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Larry Walker v. City of Los Angeles

December 9, 2010

LARRY WALKER
v.
CITY OF LOS ANGELES



The opinion of the court was delivered by: Present: The Honorable Gary Allen Feess

LINKS: 56, 61

CIVIL MINUTES - GENERAL

None None

Proceedings: (In Chambers)

ORDER RE: DEFENDANTS' MOTION FOR SUMMARY JUDGMENT

I. INTRODUCTION AND BACKGROUND

On April 30, 2009, Plaintiff Larry Walker ("Walker) commenced this action in Los Angeles County Superior Court against his employer, the City of Los Angeles ("the City"), based on his improper termination after he had a stroke. (Docket No. 1, Not. of Removal, Ex. A [Original Compl.].) The City removed the case to this Court on May 29, 2009. (Not. of Removal.) Walker subsequently filed first, second, and third amended complaints. (Docket Nos. 14, 30, 31.) On January 26, 2010, the Court dismissed with prejudice four of the Third Amended Complaint's (TAC) causes of action, leaving only claims for violation of the Equal Protection Clause, breach of contract, and invasion of privacy. (Docket No. 35, 1/26/10 Order at 4--13.) The parties stipulated to dismiss Walker's Equal Protection Clause claim, and the Court accordingly dismissed that claim on October 28, 2010. (Docket Nos. 48, 49.) The remaining claims allege (1) breach of an oral agreement that Walker would not be demoted, discharged, or otherwise disciplined except for good cause and with notice and an opportunity to be heard and that he would be evaluated in a fair and objective manner; and (2) invasion of privacy for publicly telling others that Walker had had a stroke. (TAC ¶¶ 147--66.)

On November 3, 2010, after the Court had dismissed Walker's sole remaining federal claim, Walker filed a motion to remand this case to state court. (Docket No. 50.) The Court denied the motion on the ground that Walker's breach of contract claim actually presented a federal question because it was completely preempted by the Labor Management Relations Act, which provides exclusive federal jurisdiction over "[s]uits for violation of contracts between an employer and a labor organization." (Docket No. 62, 11/29/10 Order, at 2, 4.)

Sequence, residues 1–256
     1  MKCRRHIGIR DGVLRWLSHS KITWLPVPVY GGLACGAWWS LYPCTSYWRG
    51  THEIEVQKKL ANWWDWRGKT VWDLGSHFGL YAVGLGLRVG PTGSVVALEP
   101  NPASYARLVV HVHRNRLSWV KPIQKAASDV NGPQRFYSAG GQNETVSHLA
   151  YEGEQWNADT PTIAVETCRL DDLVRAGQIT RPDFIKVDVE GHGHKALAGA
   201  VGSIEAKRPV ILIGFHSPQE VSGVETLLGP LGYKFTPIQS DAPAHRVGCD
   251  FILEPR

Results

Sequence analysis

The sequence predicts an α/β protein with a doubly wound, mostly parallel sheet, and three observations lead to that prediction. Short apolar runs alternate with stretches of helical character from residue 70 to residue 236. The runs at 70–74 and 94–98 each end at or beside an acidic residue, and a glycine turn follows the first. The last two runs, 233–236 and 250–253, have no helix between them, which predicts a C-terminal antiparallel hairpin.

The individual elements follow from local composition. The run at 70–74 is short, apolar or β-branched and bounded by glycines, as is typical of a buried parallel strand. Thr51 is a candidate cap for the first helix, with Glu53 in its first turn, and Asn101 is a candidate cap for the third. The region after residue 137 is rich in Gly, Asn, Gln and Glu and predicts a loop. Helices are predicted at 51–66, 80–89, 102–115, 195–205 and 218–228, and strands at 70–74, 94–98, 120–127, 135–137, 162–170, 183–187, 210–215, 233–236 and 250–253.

Presently before the Court is the Defendants' motion for summary judgment. Walker filed no opposition to that motion, and instead filed only a Request for a Continuance under Federal Rule of Civil Procedure 56(f). The Court DENIES Plaintiff's request, GRANTS Defendants' motion in part, and REMANDS Platiniff's invasion of privacy claim to state court.

II. DISCUSSION

LEGAL STANDARD FOR SUMMARY JUDGMENT

Summary judgment is proper where "the pleadings, the discovery and disclosure materials on file, and any affidavits show that there is no genuine issue as to any material fact and that the movant is entitled to a judgment as a matter of law." Fed. R. Civ. P. 56(c)(2). Thus, when addressing a motion for summary judgment, the Court must decide whether there exists "any genuine factual issues that properly can be resolved only by a finder of fact because they may reasonably be resolved in favor of either party." Anderson v. Liberty Lobby, Inc., 477 U.S. 242, 250 (1986). The moving party has the burden of demonstrating the absence of a genuine issue of fact for trial. Id. at 256. The moving party can meet this burden by presenting evidence establishing the absence of a genuine issue or by "pointing out to the district court . . . that there is an absence of evidence" supporting a fact for which the nonmoving party bears the burden of proof. Celotex Corp. v. Catrett, 477 U.S. 317, 325 (1986). To defeat summary judgment, the nonmoving party must put forth "affirmative evidence" that shows "that there is a genuine issue for trial." Anderson, 477 U.S. at 256--57. The nonmoving party cannot prevail by "simply show[ing] that there is some metaphysical doubt as to the material facts." Matsushita Elec. Indus. Co., Ltd. v. Zenith Radio Corp., 475 U.S. 574, 586 (1986). Rather, the nonmoving party must show that evidence in the record could lead a rational trier of fact to find for it. See id. at 587. In reviewing the record, the Court must believe the nonmoving party's evidence, and must draw all justifiable inferences in its favor. Anderson, 477 U.S. at 255.

APPLICATION

1.BREACH OF ...


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